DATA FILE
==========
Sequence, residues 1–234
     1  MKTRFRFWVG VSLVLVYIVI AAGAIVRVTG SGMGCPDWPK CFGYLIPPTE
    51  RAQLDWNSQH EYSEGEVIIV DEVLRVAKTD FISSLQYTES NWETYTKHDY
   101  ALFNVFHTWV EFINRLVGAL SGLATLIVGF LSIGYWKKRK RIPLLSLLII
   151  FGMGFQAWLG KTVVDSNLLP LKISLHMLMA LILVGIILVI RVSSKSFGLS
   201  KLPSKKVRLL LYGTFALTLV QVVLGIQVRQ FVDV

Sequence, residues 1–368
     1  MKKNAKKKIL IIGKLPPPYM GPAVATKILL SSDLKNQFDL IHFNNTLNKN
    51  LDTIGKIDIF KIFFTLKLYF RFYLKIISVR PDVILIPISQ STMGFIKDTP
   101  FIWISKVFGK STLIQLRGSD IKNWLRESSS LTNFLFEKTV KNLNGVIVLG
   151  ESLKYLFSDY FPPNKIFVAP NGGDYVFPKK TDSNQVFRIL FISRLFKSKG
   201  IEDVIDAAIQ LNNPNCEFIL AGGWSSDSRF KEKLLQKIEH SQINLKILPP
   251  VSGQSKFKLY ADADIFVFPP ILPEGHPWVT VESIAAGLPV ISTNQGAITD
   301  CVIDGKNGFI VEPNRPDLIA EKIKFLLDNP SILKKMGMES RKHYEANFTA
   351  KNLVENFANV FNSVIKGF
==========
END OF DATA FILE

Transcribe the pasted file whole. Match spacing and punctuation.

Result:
Sequence, residues 1–234
     1  MKTRFRFWVG VSLVLVYIVI AAGAIVRVTG SGMGCPDWPK CFGYLIPPTE
    51  RAQLDWNSQH EYSEGEVIIV DEVLRVAKTD FISSLQYTES NWETYTKHDY
   101  ALFNVFHTWV EFINRLVGAL SGLATLIVGF LSIGYWKKRK RIPLLSLLII
   151  FGMGFQAWLG KTVVDSNLLP LKISLHMLMA LILVGIILVI RVSSKSFGLS
   201  KLPSKKVRLL LYGTFALTLV QVVLGIQVRQ FVDV

Sequence, residues 1–368
     1  MKKNAKKKIL IIGKLPPPYM GPAVATKILL SSDLKNQFDL IHFNNTLNKN
    51  LDTIGKIDIF KIFFTLKLYF RFYLKIISVR PDVILIPISQ STMGFIKDTP
   101  FIWISKVFGK STLIQLRGSD IKNWLRESSS LTNFLFEKTV KNLNGVIVLG
   151  ESLKYLFSDY FPPNKIFVAP NGGDYVFPKK TDSNQVFRIL FISRLFKSKG
   201  IEDVIDAAIQ LNNPNCEFIL AGGWSSDSRF KEKLLQKIEH SQINLKILPP
   251  VSGQSKFKLY ADADIFVFPP ILPEGHPWVT VESIAAGLPV ISTNQGAITD
   301  CVIDGKNGFI VEPNRPDLIA EKIKFLLDNP SILKKMGMES RKHYEANFTA
   351  KNLVENFANV FNSVIKGF